Real Bunnies Don’t Lay Eggs

Easter Sunday

Today, celebrations of Easter have commenced. Children gather to hunt for plastic shelled eggs filled with candy and families congregate to celebrate the resurrection of their savior, Jesus Christ. An ironic part about Easter celebrations is the involvement of the egg. If bunnies don’t lay eggs and chickens do, how did we get into painting, decorating and hunting for eggs and why are bunnies such an integral part of the holiday?

Trace Dominguez of Discovery.com writes,

According to the University of Florida’s Center for Children’s Literature and Culture, the origin of the celebration — and the origin of the Easter Bunny — can be traced back to 13th-century, pre-Christian Germany, when people worshiped several gods and goddesses. The Teutonic deity Eostra was the goddess of spring and fertility, and feasts were held in her honor on the Vernal Equinox. Her symbol was the rabbit because of the animal’s high reproduction rate.

Not that anyone’s been complaining about  Easter baskets full of bunny chocolates and rabbit shaped gummies– but it’s a tradition that’s not understood by many–yet almost everyone participates. The U.S. isn’t alone in it’s celebrations.  Other countries, including Australia, look at Easter slightly different due to the seasonality. As American’s are celebrating the coming of spring, Australians are the opposite, Erinna Giblin of news.au.com explains,

In Australia, Easter is the point in the year when we realize summer can’t last forever and we need to buckle down before winter. Perhaps even indulge a little more because we know it’s at least half a year before we’ll be seen in our swimming attire.

Cabury Easter EggAmericans are probably feeling a bit of guilt after downing twenty Cabury eggs since swimsuit season is approaching, rather than escaping us here.There have been numerous studies and publications that preach the benefits of dark chocolate, leading consumers to believe it’s much healthier than traditional milk chocolate. Don’t get too excited though, Karen Keller of ABC News sheds light,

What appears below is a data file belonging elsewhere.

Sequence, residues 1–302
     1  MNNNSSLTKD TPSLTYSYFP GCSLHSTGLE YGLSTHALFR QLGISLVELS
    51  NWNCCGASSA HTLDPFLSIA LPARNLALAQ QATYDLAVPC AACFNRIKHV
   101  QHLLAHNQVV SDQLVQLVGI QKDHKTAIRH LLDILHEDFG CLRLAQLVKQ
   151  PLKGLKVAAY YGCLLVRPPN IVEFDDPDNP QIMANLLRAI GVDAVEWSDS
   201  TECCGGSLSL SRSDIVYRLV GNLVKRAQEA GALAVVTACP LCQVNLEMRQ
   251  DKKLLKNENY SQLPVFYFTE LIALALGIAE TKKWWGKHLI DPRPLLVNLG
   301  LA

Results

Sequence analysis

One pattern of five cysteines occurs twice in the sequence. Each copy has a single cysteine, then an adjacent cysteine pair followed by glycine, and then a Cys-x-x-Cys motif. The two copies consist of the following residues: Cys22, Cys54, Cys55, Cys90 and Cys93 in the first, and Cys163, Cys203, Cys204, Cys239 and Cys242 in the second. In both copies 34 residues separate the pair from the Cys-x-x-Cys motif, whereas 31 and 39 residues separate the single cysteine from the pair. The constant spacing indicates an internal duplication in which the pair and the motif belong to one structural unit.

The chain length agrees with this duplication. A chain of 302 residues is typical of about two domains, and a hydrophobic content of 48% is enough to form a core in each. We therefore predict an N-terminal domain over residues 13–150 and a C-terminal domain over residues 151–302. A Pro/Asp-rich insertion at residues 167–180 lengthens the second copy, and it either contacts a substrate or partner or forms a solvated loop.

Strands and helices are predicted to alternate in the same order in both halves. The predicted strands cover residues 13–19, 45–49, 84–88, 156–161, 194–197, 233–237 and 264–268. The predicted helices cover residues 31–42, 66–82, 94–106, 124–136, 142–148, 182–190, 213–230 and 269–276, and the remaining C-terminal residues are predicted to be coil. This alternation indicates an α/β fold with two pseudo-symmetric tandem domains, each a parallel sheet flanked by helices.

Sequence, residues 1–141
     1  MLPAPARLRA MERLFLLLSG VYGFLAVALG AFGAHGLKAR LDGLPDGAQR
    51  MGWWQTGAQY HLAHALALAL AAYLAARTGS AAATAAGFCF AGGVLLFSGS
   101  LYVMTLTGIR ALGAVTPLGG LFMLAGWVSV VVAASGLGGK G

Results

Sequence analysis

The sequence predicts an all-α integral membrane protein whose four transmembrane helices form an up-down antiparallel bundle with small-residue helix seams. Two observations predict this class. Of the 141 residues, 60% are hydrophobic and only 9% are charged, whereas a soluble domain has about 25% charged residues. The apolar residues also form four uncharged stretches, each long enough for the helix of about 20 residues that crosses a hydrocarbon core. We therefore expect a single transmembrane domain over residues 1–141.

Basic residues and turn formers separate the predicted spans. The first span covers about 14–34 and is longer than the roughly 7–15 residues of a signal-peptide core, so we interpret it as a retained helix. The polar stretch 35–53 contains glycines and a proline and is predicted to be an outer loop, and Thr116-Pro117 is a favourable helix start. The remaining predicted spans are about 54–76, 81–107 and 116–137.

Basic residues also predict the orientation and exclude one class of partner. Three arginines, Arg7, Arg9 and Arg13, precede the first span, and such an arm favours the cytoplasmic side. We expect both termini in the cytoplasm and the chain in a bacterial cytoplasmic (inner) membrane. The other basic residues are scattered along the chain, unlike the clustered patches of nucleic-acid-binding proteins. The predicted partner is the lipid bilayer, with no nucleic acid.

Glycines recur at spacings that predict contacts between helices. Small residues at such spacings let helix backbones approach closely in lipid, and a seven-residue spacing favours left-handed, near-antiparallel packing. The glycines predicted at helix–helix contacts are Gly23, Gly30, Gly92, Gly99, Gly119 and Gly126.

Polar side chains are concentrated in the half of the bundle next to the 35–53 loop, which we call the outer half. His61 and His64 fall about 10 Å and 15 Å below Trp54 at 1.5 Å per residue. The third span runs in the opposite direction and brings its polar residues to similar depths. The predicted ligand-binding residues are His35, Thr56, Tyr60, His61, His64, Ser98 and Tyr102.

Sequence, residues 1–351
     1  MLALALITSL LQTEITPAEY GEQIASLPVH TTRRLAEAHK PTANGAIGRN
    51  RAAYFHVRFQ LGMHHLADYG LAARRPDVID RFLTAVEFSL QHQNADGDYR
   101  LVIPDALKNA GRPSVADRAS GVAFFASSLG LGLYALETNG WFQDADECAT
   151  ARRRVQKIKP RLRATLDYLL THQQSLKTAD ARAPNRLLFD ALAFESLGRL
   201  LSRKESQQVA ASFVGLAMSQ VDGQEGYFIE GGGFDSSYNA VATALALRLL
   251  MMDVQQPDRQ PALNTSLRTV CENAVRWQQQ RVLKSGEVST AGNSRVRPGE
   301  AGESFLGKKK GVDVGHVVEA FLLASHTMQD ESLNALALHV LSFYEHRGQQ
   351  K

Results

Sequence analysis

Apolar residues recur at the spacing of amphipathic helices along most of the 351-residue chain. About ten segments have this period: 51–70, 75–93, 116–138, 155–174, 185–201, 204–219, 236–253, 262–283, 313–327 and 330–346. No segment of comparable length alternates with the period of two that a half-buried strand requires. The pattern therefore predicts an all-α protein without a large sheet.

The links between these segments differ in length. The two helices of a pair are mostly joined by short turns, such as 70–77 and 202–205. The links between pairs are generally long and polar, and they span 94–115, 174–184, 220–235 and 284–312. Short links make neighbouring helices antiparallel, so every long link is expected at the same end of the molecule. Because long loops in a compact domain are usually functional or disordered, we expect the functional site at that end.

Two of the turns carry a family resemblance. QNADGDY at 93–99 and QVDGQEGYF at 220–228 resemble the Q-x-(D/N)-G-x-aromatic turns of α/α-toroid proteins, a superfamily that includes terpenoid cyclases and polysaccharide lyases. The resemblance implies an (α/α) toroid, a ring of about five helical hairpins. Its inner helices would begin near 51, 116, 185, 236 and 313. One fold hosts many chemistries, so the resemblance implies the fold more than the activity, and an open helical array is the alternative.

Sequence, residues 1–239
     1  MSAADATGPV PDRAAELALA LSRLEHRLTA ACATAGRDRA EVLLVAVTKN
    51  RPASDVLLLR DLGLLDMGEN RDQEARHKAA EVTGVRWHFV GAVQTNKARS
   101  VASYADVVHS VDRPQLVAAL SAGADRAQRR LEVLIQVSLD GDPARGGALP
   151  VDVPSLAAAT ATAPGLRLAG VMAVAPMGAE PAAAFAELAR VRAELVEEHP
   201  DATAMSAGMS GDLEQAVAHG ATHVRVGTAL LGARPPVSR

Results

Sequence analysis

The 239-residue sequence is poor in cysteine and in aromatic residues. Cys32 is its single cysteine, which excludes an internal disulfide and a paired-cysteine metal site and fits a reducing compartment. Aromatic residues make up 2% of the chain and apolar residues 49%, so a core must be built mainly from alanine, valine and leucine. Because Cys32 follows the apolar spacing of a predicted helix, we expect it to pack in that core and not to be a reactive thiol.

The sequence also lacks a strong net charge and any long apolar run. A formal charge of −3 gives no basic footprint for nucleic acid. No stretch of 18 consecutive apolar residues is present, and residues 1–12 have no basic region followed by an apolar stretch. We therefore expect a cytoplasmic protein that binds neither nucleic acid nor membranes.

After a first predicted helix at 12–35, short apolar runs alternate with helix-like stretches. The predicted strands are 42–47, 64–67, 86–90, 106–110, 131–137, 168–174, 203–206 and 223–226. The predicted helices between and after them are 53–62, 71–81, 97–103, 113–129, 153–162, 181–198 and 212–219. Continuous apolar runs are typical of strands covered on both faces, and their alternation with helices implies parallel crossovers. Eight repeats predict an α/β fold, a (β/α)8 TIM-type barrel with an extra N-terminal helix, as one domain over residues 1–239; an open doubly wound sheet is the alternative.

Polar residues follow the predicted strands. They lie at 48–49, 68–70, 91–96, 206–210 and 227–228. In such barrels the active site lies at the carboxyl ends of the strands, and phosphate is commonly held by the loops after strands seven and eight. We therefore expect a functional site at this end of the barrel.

So far the only proven positive effects of dark chocolate come from research that studied a daily consumption of 400-600 mg of cocoa flavonoids –  about 10 chocolate bars. Scientists have extrapolated that there are some benefits, though smaller, for, say, just one bar a day, he said.

Shoppers should balance calories and sugar with dark chocolate’s benefits, he said.

“It’s not an all-you-can-eat blank check to eat chocolate,” he said. Markoff gets her low-calorie cocoa flavonoid kick by making cocoa smoothies at home with almond milk, cocoa powder and Stevia, an artificial sweetener, she said.

Ten chocolate bars of dark chocolate is, I’m going to take a short in the dark here, not healthy. Having a few pieces of dark over milk? Probably will make more of a difference mentally than psychically. So go ahead, eat the milk chocolate bunny or egg and remorse later. If you think eggs (the real ones that come from chickens) are selling like hot cakes during this week, you’re right! A little Easter egg trivia: Americans alone will purchase over 180,000,000 eggs for the sole purpose of dying and decorating. If there was ever a time bunnies were happy they don’t lay eggs, let us be sure it’s this week.

If you celebrate Easter today with friends and family, may the best bunny basket win. Around the dinner table, you’ll probably be one of the few to know why the bunny is involved with the holiday. Just remember, real bunnies don’t lay eggs.